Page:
At about five or six in the evening I was called to Stalin. I enter the office. Stalin is alone. On a long table covered with blue cloth, lies a copy of the test certificate Tu-2.
- It turns out praising the car. Did you read?
- Yes, I did. In vain they removed the aircraft from production. And how many reproaches I received from you.
“And yet you did the wrong thing,” said Stalin suddenly.
- In what?
“You should have complained about me to the Central Committee ... In the Central Committee, no one complained about Stalin, no one complained ...”

If I understand correctly, this is equivalent to the fact that Stalin admitted his wrong. After all, it was he who gave the order to curtail the production of Tu-2 and replace it with the Yak-9.

From the dialogue it is clear that Stalin recognized the fallacy of the decision to remove the machine from production.

Yakovlev. Deputy Shakhurin. A man who left behind a lot of memoirs. Probably, Alexander Sergeyevich can become a worthy witness.


“True, in April-May 1942, the situation with fighters began to straighten out gradually. Evacuated plants to the east increased the output of vehicles every day. In addition, our large fighter factories, located in the east of the country and which did not have to be evacuated, significantly increased aircraft production compared to the pre-war level.
But the situation with the bombers was still unimportant, since the factories releasing them, relocated to the east, had not yet restored the pre-evacuation daily production of aircraft. ”

Hmm ... But after all, they began to produce Tu-2 just in March 1942 ...


“In April 1942, the People’s Commissar, Ilyushin and me were called to the headquarters ... Stalin asked us whether it was possible to equip fighters with bomber weapons by hanging bombs under their wings. The goal was to at least temporarily fill the shortage of bombers in our aviation. ”

Good. In April, there are not enough bombers and attack aircraft, holes are shut up with the help of outdated fighters and so on. Although not. I'm wrong.

“Already in 1942, the aviation industry of the USSR surpassed the German one. In 1942, the factories of Germany produced 14,7 thousand aircraft, and the factories of the USSR - 25,4 thousand. "
“By the summer of 1943, our air forces had powerful equipment. Saturation fighter has become sufficient ... "

And here is a complete misunderstanding. If in 1942 we had 10 more aircraft produced than the Germans, the saturation of the fighters became sufficient, in April 000 there were so many fighters that Stalin proposed to adapt them for bombing. Because there are no bombers.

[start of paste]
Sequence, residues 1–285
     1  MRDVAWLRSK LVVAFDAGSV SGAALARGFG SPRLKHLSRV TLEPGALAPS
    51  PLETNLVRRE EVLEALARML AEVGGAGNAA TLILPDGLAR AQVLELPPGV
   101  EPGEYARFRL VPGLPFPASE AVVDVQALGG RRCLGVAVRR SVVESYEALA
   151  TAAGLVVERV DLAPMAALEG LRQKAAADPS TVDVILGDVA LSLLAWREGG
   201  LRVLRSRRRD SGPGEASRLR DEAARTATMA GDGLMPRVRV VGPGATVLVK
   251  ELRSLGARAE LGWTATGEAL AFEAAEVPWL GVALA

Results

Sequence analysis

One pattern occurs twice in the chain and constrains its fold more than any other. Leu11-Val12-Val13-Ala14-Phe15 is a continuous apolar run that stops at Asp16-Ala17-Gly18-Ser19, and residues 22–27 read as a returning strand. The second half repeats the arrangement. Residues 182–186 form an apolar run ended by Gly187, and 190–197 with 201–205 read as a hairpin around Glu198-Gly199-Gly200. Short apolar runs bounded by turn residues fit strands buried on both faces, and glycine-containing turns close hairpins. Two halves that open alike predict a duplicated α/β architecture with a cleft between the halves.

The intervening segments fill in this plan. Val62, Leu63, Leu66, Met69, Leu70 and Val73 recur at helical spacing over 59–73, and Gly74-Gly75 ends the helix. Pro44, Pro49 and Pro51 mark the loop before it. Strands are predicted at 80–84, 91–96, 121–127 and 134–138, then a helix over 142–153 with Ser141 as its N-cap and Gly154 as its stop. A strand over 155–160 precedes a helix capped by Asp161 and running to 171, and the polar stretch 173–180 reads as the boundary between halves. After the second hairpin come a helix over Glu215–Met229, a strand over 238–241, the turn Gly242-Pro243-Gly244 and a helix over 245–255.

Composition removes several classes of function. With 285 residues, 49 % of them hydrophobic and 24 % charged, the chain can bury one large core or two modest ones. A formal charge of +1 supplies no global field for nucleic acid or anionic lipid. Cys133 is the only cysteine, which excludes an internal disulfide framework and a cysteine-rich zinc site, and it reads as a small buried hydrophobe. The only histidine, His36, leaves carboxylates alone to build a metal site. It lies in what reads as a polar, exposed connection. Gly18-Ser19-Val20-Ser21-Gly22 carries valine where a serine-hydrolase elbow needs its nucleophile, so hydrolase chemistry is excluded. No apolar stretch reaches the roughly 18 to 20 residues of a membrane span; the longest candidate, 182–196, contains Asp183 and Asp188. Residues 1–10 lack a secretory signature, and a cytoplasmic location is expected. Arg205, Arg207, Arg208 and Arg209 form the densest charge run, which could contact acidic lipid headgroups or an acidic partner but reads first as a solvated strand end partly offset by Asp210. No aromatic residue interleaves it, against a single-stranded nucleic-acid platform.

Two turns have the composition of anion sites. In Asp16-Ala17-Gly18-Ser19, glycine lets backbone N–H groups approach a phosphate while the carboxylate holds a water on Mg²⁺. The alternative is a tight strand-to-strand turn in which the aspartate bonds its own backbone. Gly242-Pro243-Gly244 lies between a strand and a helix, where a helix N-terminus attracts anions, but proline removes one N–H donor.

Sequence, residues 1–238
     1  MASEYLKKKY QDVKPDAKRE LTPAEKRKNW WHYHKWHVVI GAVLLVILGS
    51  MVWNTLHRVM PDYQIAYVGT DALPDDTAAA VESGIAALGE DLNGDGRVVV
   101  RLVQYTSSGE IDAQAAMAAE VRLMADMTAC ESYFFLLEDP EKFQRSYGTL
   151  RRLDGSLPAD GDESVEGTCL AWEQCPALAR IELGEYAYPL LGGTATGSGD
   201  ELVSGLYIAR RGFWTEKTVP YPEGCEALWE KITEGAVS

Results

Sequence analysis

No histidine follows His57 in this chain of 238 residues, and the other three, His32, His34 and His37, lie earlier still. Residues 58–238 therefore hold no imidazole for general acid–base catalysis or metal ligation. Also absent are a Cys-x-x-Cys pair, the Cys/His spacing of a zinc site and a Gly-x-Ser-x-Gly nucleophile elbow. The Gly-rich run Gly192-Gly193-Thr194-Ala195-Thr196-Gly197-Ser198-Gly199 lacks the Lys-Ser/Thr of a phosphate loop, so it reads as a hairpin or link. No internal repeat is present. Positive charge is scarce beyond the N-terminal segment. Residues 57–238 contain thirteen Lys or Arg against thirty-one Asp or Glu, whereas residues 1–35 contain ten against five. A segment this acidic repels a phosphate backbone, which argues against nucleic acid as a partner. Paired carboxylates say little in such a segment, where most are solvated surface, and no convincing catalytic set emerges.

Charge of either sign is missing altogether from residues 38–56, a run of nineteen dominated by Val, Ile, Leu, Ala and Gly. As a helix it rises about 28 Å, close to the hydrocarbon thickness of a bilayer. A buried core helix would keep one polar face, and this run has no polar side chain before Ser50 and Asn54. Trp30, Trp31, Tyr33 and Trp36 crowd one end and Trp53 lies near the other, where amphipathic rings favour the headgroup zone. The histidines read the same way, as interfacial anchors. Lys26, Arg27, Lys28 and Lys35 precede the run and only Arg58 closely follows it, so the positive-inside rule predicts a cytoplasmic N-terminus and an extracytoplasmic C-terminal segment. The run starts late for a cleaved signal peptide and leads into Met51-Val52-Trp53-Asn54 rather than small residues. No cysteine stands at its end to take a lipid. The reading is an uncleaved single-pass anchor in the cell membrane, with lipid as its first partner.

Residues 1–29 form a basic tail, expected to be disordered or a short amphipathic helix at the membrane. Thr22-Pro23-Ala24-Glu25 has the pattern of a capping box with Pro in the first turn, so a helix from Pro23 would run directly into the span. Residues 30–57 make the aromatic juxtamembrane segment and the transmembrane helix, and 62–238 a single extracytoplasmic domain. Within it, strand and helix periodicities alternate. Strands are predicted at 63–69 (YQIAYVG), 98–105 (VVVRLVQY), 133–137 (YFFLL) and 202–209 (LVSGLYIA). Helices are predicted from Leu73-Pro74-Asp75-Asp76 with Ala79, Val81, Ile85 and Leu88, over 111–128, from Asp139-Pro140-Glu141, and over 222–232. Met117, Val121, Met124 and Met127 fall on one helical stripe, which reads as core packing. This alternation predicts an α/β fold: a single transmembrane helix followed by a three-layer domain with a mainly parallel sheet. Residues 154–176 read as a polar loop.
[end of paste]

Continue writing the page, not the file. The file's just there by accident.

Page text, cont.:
And in October, for a completely incomprehensible reason, instead of IL-2 and Tu-2, two plants are ordered to produce fighter jets. So, obviously, there was something to redo then into bombers. Or because these fighters disappeared somewhere.

By the way, factories No. 166 and No. 381, by no means, could have had any noticeable effect on the release of fighters by 1943. The order came in October 1942. We would not have time.

In general, Yakovlev has been caught more than once. No, not on a distortion of facts, but, as it were, on a certain understatement. Well, it’s not very logical for the deputy people's commissar, not really.

But the result I see is this: having fired 10,7 thousand more aircraft than the Germans, who fought in Africa and the Mediterranean in 1942, we suddenly experienced such a need for fighters that we decided to release from attack aircraft.

Which clearly was either stupidity, or sabotage. Whether all at once. Someone clearly “wound” Stalin, it would be interesting to know exactly who.

But, in principle, it is enough that the merits of the Il-2 in that war are not subject to criticism and that the Tu-2 was the only front-line bomber to easily take three FAB-1000s and really pose a threat to all types of ships (for example) and armored structures and objects.

Of course, the FAB-1000 could take on board the Pe-8. But I remind you that only 79 pieces were released (Tu-2 - 2257 pieces) and the use of these monsters was episodic.

Of course, the truth has triumphed, and it’s wonderful that so quickly. Waging a full-fledged war only with attack aircraft such as Il-2 (400 kg of bombs) and Pe-2 (600 kg) would be simply unrealistic, because in any case, not objects are selected for bombs, but vice versa.

Strange story, isn't it?

But you must admit, the whole history of the Tu-2 is full of oddities, incomprehensible moments and frank adventures.

Nevertheless, this aircraft fought worthily, performing tasks. And he enjoyed the love of the crews, although he probably dived not as well as the Pe-2. But comparing these machines is an interesting thing, although somewhat inappropriate. But let's take a chance.

And after the war, the Tu-2s served quite normally before being replaced by jet aircraft, not only here. The plane was good. But with a very strange fate.